Of course, a more familiar example is the parallel-postulate axiom, since it cannot be proven from any other axioms of Euclidean geometry, and in this case the way you define it leads to at least three different self-consistent systems.

In any case, what does it mean that a symbolic system based on deriving truth from axioms is incomplete? Could we make a complete system? The only way I can see to do that would be to include an infinite number of axioms, which deterministicly describe all happenings in the past, present and future. This would only work in a deterministic universe, and it would be difficult to draw a distinction between the data of this 'complete' system and reality itself.

Thinking of the data required is perhaps the right direction to move in: it is the reason the symbolic system is incomplete. The symbolic systems we use to describe the universe are not separate from the universe: they are a part of the universe just as we are a part of the universe. Since we are within the system, our small understandings are 'the system modelling itself' (system meaning reality in this case). Completion of the model can never happen because of the basic self-referential paradox: the model is within the universe, so in effect the universe would have to be larger than itself. Or you can view it iteratively: the model models the universe. The universe includes the model. The model must model itself. The model must model the model of itself.. ad absurdum.

So Godel's incompleteness is something to expect. It is even something that can be intuitively understood without a mathematical approach and proof: the incompleteness concept appears in clearly recognizable form in Zen Buddhism.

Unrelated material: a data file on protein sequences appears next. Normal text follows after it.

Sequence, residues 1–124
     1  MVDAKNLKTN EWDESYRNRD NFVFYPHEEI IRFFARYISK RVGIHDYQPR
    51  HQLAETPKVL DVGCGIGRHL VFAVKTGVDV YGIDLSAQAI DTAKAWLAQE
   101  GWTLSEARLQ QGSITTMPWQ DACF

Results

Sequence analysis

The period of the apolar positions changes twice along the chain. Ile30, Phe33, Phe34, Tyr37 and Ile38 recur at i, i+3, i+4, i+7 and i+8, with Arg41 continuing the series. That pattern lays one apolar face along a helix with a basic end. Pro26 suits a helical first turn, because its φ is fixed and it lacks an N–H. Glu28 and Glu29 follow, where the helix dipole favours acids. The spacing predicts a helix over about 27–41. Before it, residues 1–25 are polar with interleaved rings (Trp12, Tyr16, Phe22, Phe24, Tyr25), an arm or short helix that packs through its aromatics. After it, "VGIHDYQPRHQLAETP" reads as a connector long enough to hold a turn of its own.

So it brings to mind how to solve the paradox. There is the idea that consciousness might be a kind of superset of the universe, and thus through consciousness we might understand the universe. Yet we must realize that consciousness and the universe represent a yet larger system or universe to "understand" ( if that word still applies ). This continues iteratively as well.

We can perhaps move beyond the self-referential part of the paradox by moving beyond the self: becoming through some higher dimensionality or level of complexity something with no coherant self, or clear perception- point.

The Zen answer to what to do next is that real truth is in everyday life. This may well be so: in a universe where knowledge defeats us, what can we do but be what we are? We have to ask why it is that it matters that knowledge of the universe be moved into symbolic representation in our minds. The information we seek is in existence around us at all times, happening in the patterns we seek to understand and quantify. What good is there in this understanding? Clearly we are evolutionarily driven to this attempted understanding, but is there a better reason to be had?